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Brain Res. 2014 Oct 10;1584:52-8. doi: 10.1016/j.brainres.2014.05.052. Epub 2014 Aug 7.

Pathological stress granules in Alzheimer's disease.

Author information

1
Depts. of Pharmacology and Neurology, Boston University School of Medicine, Boston, MA 02118, United States.
2
Depts. of Pharmacology and Neurology, Boston University School of Medicine, Boston, MA 02118, United States. Electronic address: bwolozin@bu.edu.

Abstract

A feature of neurodegenerative disease is the accumulation of insoluble protein aggregates in the brain. In some conditions, including Amyotrophic Lateral Sclerosis and Frontotemporal lobar degeneration, the primary aggregating entities are RNA binding proteins. Through regulated prion-like assembly, RNA binding proteins serve many functions in RNA metabolism that are essential for the healthy maintenance of cells of the central nervous system. Those RNA binding proteins that are the core nucleating factors of stress granules (SGs), including TIA-1, TIAR, TTP and G3BP1, are also found in the pathological lesions of other neurological conditions, such as Alzheimer's disease, where the hallmark aggregating protein is not an RNA binding protein. This discovery suggests that the regulated cellular pathway, which utilizes assembly of RNA binding proteins to package and silence mRNAs during stress, may be integral in the aberrant pathological protein aggregation that occurs in numerous neurodegenerative conditions.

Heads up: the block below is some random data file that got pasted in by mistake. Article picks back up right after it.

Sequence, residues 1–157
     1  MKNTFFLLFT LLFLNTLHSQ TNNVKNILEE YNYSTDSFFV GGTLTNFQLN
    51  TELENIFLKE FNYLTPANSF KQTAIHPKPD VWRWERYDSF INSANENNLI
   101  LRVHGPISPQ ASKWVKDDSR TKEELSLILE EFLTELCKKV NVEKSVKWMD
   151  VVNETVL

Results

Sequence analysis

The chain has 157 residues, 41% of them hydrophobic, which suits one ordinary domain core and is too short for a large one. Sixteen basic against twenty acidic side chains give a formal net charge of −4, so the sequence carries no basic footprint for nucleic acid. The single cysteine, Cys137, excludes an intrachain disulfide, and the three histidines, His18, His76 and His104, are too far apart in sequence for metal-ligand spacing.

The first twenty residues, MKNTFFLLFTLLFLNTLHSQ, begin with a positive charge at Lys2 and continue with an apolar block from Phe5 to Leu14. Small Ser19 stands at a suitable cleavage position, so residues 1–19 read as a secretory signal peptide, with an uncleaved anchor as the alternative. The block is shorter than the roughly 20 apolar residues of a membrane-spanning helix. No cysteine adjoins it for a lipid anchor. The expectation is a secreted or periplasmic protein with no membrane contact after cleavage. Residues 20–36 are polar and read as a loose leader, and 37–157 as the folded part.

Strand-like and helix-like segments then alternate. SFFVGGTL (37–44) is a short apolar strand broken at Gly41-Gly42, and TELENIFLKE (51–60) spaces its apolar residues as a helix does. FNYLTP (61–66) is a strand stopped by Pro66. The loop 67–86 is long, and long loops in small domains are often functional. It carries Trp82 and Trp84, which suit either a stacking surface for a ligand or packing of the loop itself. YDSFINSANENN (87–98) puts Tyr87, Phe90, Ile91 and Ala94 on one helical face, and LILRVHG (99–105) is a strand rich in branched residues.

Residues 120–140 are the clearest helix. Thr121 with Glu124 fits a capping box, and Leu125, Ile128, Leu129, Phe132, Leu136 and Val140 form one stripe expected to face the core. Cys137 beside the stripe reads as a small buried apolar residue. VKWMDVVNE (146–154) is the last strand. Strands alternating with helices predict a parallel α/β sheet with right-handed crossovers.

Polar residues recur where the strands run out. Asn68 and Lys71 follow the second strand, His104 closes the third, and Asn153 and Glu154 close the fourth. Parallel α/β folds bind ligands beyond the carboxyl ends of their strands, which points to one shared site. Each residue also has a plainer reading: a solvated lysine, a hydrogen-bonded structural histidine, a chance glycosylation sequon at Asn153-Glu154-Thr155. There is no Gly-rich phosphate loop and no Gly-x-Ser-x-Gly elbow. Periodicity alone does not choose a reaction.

KEYWORDS:

Alzheimer’s disease; G3BP1; Pathological stress granules; TIA-1; Tau

PMID:
25108040
PMCID:
PMC4256948
DOI:
10.1016/j.brainres.2014.05.052
[Indexed for MEDLINE]
Free PMC Article

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